What trends should we look for it we want to identify stocks that can multiply in value over the long term? Firstly, we'd want to identify a growing return on capital employed (ROCE) and then alongside that, an ever-increasing base of capital employed. This shows us that it's a compounding machine, able to continually reinvest its earnings back into the business and generate higher returns. In light of that, when we looked at Integrated Research (ASX:IRI) and its ROCE trend, we weren't exactly thrilled.
Return On Capital Employed (ROCE): What is it?
For those who don't know, ROCE is a measure of a company's yearly pre-tax profit (its return), relative to the capital employed in the business. To calculate this metric for Integrated Research, this is the formula:
Return on Capital Employed = Earnings Before Interest and Tax (EBIT) ÷ (Total Assets - Current Liabilities)
0.095 = AU$9.8m ÷ (AU$135m - AU$32m) (Based on the trailing twelve months to June 2021).
So, Integrated Research has an ROCE of 9.5%. On its own, that's a low figure but it's around the 11% average generated by the Software industry.
Above you can see how the current ROCE for Integrated Research compares to its prior returns on capital, but there's only so much you can tell from the past. If you'd like, you can check out the forecasts from the analysts covering Integrated Research here for free.
How Are Returns Trending?
In terms of Integrated Research's historical ROCE movements, the trend isn't fantastic. Over the last five years, returns on capital have decreased to 9.5% from 37% five years ago. Given the business is employing more capital while revenue has slipped, this is a bit concerning. This could mean that the business is losing its competitive advantage or market share, because while more money is being put into ventures, it's actually producing a lower return - "less bang for their buck" per se.
On a related note, Integrated Research has decreased its current liabilities to 23% of total assets. So we could link some of this to the decrease in ROCE. What's more, this can reduce some aspects of risk to the business because now the company's suppliers or short-term creditors are funding less of its operations. Since the business is basically funding more of its operations with it's own money, you could argue this has made the business less efficient at generating ROCE.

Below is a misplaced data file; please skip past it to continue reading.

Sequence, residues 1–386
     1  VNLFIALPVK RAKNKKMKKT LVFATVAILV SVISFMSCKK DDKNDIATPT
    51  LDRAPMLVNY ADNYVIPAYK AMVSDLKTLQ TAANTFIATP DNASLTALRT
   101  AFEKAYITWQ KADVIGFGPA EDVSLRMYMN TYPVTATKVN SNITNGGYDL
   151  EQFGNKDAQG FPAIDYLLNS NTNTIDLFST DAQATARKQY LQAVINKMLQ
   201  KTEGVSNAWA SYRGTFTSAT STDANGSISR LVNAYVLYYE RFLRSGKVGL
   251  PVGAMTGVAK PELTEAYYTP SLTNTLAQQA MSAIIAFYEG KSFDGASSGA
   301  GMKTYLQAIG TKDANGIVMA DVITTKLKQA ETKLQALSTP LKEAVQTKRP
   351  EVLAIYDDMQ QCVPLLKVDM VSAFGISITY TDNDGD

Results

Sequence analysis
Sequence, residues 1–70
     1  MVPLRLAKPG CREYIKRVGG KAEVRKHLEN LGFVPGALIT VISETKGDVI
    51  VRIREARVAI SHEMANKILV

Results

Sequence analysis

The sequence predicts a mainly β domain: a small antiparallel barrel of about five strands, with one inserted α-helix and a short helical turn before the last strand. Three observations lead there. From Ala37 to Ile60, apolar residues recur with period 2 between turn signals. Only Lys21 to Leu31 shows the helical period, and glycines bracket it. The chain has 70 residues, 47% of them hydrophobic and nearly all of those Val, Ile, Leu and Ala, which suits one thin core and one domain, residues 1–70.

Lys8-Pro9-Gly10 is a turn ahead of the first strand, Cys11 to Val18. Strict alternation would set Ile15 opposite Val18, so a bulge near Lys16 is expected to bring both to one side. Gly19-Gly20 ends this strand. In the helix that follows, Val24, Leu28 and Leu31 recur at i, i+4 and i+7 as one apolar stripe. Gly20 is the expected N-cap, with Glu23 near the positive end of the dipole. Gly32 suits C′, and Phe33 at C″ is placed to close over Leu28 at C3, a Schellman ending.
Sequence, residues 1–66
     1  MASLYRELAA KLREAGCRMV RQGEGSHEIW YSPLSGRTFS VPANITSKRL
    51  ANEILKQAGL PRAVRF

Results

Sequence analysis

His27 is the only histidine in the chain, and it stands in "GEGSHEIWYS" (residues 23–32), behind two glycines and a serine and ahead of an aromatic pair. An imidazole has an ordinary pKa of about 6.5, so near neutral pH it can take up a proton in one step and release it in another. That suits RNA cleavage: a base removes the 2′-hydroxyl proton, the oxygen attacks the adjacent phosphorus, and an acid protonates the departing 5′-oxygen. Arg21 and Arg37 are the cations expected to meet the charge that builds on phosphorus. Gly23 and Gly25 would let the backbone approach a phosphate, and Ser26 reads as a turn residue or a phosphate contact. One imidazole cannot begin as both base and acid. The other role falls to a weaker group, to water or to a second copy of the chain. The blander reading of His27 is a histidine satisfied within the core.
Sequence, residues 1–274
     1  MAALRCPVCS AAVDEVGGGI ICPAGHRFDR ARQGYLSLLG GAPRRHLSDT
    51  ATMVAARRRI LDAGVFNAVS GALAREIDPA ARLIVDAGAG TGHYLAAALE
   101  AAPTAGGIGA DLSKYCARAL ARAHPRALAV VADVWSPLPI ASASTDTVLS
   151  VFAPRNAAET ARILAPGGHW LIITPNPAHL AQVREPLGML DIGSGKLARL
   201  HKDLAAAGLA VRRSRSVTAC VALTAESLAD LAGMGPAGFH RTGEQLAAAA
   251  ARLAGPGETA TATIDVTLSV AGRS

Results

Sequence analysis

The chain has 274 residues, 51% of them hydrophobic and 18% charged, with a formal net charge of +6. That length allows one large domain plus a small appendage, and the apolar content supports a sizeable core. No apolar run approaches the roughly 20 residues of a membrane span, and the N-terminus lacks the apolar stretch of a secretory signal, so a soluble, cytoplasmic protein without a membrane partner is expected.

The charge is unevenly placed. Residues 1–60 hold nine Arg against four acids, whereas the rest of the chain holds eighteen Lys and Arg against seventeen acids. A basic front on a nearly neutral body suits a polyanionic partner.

The Bottom Line On Integrated Research's ROCE
From the above analysis, we find it rather worrisome that returns on capital and sales for Integrated Research have fallen, meanwhile the business is employing more capital than it was five years ago. It should come as no surprise then that the stock has fallen 21% over the last five years, so it looks like investors are recognizing these changes. Unless there is a shift to a more positive trajectory in these metrics, we would look elsewhere.
One more thing to note, we've identified 2 warning signs with Integrated Research and understanding them should be part of your investment process.
If you want to search for solid companies with great earnings, check out this free list of companies with good balance sheets and impressive returns on equity.
This article by Simply Wall St is general in nature. We provide commentary based on historical data and analyst forecasts only using an unbiased methodology and our articles are not intended to be financial advice. It does not constitute a recommendation to buy or sell any stock, and does not take account of your objectives, or your financial situation. We aim to bring you long-term focused analysis driven by fundamental data. Note that our analysis may not factor in the latest price-sensitive company announcements or qualitative material. Simply Wall St has no position in any stocks mentioned.
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